New campus minister outlines his goals

Dave wants to know how you’re doing


Nicholas Rodecap

Director of campus ministry Mr. Dave Neeson works in his office in the Shiel Student Life Center.

Nicholas Rodecap, Co-Editor-in-Chief

“I never wanted to be a campus minister,” said director of campus ministry Mr. Dave Neeson. 

A promoter at popular night clubs, he would travel across the country bartending at extravagant celebrity gatherings, flipping bottles at high-profile galas.

“We all have a part of us that is searching for something,” Neeson said. “We try filling it with popularity, money, things, and we find out that the hole just gets deeper. I followed money, fame, fortune and I was full of isolation. I didn’t understand it. I never wanted to work for the Church, and then I started working for the Church.” 

A priest approached Neeson and asked him to fill in during a hiring search, and it was during this unexpected time that he found that what he loved was impacting students at a pivotal time in their lives when they were in search of guidance that they were not receiving. Neeson said, “I found that to be really appealing, but it wasn’t intentional.” 

“Twelve years ago, if you would have told me, ‘by the way, this prestigious Catholic institution wants you to direct their campus ministry,’ I would have been like ‘yeah, no.’” 

A friend of his predecessor of 20 years, Mrs. Charlene Witka, Neeson was first introduced to Cathedral when he served as a youth minister for Saint Louis de Montfort. He had just recently moved to the Indianapolis area and was exploring numerous local schools, but the Hill in particular piqued his interest. “What interested me (about Cathedral) is the fact that you can speak to so many people who come from different backgrounds and hear amazing stories,” Neeson said. “That to me was very appealing. It’s hard to turn down the opportunity to grow personally through encountering others.” 

While his position has undoubtedly had many unexpected twists and turns, Neeson said what has surprised him the most is how much people give to the campus. “Look at all the educators and students and how much they put into this. (Cathedral) becomes this heartbeat, and it’s really crazy to watch. That’s probably the most shocking thing — how incredibly dedicated everyone is.”

Neeson said his new role has kept him very busy. “I have never come into my office and been bored.” 

Whether it is addressing seniors during the activity period or speaking to their parents to help the counseling department, his role is one of support. 

“Outside of supporting students and staff, it’s helping guide what ministry can be,” Neeson said. 

I want people to know that campus ministry is more than just giving them faith; it’s giving them support.”

— Mr. Dave Neeson

“I want (campus ministry) to be inviting, all inclusive (and) influential. I want people to know that campus ministry is more than just giving them faith; it’s giving them support.”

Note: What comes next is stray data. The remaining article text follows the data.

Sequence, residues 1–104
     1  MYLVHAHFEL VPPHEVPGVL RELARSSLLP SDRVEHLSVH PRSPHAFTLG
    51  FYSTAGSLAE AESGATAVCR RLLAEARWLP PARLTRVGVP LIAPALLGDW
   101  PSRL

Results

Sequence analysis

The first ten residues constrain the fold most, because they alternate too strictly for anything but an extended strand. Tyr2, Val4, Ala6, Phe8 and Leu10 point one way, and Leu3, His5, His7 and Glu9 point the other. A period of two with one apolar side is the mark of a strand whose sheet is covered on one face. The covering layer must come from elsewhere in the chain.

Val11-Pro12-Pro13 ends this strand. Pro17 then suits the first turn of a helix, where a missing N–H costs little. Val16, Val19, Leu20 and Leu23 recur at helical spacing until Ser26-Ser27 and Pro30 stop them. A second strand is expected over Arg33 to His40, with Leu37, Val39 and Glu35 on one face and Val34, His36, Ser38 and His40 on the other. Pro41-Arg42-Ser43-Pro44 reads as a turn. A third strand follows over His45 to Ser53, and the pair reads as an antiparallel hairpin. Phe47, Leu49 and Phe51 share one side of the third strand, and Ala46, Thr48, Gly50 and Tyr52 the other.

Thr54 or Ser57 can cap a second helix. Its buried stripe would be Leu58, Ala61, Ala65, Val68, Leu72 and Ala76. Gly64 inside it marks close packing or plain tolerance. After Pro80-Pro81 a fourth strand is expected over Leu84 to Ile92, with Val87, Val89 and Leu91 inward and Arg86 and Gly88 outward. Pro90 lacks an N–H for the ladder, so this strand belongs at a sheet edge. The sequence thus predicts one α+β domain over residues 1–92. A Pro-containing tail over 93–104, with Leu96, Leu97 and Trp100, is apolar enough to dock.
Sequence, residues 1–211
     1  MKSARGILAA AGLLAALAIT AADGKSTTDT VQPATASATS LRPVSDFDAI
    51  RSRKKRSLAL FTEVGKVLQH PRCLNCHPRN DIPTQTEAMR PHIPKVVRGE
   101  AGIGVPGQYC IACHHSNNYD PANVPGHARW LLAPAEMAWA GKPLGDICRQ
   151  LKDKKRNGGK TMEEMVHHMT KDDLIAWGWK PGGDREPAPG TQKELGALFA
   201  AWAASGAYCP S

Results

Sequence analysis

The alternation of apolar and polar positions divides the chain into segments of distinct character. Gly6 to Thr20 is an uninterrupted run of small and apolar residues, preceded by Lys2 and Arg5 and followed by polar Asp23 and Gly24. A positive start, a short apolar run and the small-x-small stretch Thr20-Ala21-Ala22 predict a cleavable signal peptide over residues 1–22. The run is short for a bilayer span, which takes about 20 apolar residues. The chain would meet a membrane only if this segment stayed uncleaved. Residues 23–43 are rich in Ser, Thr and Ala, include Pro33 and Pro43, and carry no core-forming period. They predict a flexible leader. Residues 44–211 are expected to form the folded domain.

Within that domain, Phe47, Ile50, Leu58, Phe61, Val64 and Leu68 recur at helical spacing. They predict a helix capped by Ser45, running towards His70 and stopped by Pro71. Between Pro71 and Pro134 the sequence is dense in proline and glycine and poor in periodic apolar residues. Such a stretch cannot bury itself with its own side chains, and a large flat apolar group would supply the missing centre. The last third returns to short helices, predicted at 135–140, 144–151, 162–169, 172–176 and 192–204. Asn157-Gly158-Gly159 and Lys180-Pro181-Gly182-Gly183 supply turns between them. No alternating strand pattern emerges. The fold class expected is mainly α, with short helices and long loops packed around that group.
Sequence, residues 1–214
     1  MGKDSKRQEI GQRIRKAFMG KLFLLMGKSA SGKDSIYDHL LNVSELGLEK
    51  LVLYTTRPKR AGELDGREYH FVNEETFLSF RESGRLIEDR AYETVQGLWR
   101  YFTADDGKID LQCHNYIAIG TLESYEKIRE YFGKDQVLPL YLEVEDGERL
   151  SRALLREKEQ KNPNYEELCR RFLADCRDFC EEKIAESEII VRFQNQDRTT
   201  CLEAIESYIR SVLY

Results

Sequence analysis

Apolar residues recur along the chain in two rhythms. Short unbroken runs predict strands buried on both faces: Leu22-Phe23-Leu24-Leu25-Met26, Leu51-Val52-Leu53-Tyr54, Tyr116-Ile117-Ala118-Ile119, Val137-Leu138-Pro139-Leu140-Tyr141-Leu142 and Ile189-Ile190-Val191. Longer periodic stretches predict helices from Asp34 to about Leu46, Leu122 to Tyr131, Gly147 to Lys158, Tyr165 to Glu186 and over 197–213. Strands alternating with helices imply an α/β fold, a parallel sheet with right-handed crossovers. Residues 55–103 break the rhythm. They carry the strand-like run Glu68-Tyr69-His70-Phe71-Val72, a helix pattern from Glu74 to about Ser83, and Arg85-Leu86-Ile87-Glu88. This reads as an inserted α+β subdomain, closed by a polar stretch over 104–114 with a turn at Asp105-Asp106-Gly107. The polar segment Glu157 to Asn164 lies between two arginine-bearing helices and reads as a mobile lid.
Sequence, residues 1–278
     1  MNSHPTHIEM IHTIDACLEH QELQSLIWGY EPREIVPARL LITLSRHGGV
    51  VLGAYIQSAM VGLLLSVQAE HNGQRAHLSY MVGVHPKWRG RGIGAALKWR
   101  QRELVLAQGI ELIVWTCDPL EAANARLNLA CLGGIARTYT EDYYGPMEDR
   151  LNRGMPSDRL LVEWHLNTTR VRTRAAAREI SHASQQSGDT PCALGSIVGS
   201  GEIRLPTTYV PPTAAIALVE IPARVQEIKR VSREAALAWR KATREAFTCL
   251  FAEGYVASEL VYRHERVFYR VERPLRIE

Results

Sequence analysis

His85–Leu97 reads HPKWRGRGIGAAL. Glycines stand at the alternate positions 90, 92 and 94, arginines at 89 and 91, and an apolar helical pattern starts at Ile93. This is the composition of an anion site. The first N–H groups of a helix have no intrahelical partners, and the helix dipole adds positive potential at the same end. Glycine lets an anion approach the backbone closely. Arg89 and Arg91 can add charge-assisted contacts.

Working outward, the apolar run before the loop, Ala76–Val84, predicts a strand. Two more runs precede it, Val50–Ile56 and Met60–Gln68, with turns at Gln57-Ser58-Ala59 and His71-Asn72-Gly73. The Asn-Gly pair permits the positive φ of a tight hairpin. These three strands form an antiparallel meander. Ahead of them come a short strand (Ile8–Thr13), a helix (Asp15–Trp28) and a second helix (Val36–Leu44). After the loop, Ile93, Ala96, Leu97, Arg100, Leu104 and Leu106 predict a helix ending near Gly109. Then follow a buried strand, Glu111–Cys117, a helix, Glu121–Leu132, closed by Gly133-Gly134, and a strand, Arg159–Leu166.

Neeson said that ministry is not something that he can do by himself; rather, it is seeing a wound and letting Christ enter in. He said, “Christ changes wounds, not me.”

Neeson said he thinks his office will not be big enough for what campus ministry grows to be. “We’re working on a retreat model where the freshman retreat builds to the sophomore, junior and senior retreats. We’re going to offer retreats to be intentional.” 

Neeson said it is important for students to know that they are supported. “When I ask a student how they’re doing, I don’t ask them because it’s in passing and I don’t care. I ask them because I genuinely want to know how they’re doing. So frequently we’re trained to respond with ‘fine’ or ‘good’ when (we’re) really not doing well and (we) need support. 

“We have amazing adults here (who can offer that support) and I just want to be a small piece of that puzzle. If I have the opportunity to impact a chapter in the novel that is a person’s life, I feel honored to do it.” 

“It’s so cool to have 1,100 kids outside your office door every day,” Neeson said. “I’m excited to see what I can do. I’d be naive to act like I have all the answers. I need guidance from people who are here.” 

Neeson would go to football games and pray with players Camden Jordan ‘21 and senior Jeff Utzinger. “We were doing that because we were SLDM guys,” Neeson said. “Then I moved here and now I guess I’m praying with these guys in an official capacity, but that was never the goal. The goal was just to be with these guys and support them. They asked to pray, and I did — I didn’t ask them to.

“I just want people to know that I’m here for them. I don’t ask people to call me Mr. Neeson. I ask them to just call me Dave.”